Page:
Social media is a blessing and a curse to the news industry. It’s a great way to get news to spread instantly, but on the other hand, it can also spread the wrong news instantly.
Because news is a 24-hour business these days, some news agencies are so worried about being first instead of right.
Unfortunately, we saw this with the tragedy that recently occurred during the Boston Marathon. News agencies were so focused on being the first ones to bring the supposed new information to the public that sometimes that “new information” was not always accurate.
You may have even experienced this error with your own organization. Maybe a reporter erroneously stated that taxes will go up or said that your organization is involved in some non-existent lawsuit (and yes, I’ve been a witness in the newsroom when both of these false stories were reported).
So what should you do as an organization when this happens? There’s no easy answer to this, but here’s a good start.
1. Take Back Control of the Story.
You know what they say, “If you want something done right, do it yourself.”
Through every avenue you can think of, let your public know what the truth is. All hands on deck! Post the truth on your organization’s website, update the Facebook page, Tweet it out on Twitter, etc. Be sure to state that there are erroneous reports floating around, restate the truth, and regain the reins of the facts.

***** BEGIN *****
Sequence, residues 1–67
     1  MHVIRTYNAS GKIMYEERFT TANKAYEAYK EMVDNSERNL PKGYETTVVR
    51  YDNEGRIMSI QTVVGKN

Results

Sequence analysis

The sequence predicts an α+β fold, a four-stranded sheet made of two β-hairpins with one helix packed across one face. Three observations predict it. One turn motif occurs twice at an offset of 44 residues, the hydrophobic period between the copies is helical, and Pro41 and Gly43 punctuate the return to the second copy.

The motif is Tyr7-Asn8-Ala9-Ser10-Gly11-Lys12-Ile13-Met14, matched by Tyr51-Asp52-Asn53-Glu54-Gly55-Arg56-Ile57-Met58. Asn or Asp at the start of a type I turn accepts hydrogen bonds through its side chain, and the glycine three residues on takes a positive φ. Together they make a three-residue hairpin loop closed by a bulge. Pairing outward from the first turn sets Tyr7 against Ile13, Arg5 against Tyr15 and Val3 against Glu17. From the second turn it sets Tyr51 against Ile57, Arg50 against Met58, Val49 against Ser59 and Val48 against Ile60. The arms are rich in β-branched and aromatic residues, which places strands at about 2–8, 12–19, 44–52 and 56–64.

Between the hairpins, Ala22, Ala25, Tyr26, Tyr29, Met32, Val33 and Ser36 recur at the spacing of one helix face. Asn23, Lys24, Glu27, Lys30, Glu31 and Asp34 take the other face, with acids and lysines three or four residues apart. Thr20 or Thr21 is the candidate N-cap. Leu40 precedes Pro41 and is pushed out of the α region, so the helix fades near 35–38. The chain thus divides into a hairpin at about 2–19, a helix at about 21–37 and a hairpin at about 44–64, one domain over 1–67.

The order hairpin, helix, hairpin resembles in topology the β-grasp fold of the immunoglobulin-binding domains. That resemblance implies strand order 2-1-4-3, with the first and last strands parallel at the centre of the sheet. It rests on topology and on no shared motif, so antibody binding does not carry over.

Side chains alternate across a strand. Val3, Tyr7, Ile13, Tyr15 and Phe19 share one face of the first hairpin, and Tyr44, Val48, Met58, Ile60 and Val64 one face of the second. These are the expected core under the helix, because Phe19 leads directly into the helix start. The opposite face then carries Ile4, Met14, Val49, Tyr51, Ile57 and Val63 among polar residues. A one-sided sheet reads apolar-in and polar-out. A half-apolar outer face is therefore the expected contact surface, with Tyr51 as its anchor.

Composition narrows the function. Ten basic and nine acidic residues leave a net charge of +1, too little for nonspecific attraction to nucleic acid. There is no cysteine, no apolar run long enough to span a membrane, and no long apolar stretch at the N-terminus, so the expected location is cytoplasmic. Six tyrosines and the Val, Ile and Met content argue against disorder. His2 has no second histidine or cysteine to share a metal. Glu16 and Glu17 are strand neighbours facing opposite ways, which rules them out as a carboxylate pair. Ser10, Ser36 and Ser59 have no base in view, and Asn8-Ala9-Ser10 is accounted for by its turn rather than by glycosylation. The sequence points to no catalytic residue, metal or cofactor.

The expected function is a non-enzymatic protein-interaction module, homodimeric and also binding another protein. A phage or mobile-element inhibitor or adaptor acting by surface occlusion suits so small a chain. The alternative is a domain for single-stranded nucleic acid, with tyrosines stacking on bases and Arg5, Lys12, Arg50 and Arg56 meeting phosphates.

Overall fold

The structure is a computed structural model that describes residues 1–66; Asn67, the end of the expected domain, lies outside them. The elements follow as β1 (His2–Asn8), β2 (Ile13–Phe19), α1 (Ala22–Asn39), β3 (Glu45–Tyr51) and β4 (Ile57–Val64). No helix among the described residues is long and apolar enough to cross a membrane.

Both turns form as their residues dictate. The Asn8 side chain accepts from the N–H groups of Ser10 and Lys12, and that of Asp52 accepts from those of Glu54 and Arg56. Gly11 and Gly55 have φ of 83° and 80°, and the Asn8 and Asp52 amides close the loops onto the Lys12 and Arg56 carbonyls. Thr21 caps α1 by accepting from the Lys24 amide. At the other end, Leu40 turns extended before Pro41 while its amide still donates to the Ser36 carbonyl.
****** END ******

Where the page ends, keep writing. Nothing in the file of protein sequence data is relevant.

2. Let the Media Know About the Error.
Now it’s time to let the news agency know about the error. I know what you’re thinking, “Shouldn’t I tell the news first?” No, you shouldn’t!
You need to make sure damage control is done on your end first. Besides, one thing the news hates is a retraction. (No one really likes admitting they were wrong.) So the possibility is very high that the correction will be a little blip at the end of a story instead of the top headline, like the original false story was.
3. Be Cautious in the Future.
You should forgive the person who gave the wrong information, but don’t forget it.
For future reference, be picky about the interviewers with whom you choose to talk or make sure the interview is recorded for further clarity.
Fooled me once, shame on you. Fooled me twice, shame on me, right?
There’s no foolproof way to stop the media from reporting anything, but as long as you have an action plan in place just in case they get it wrong, you’ll be well on your way.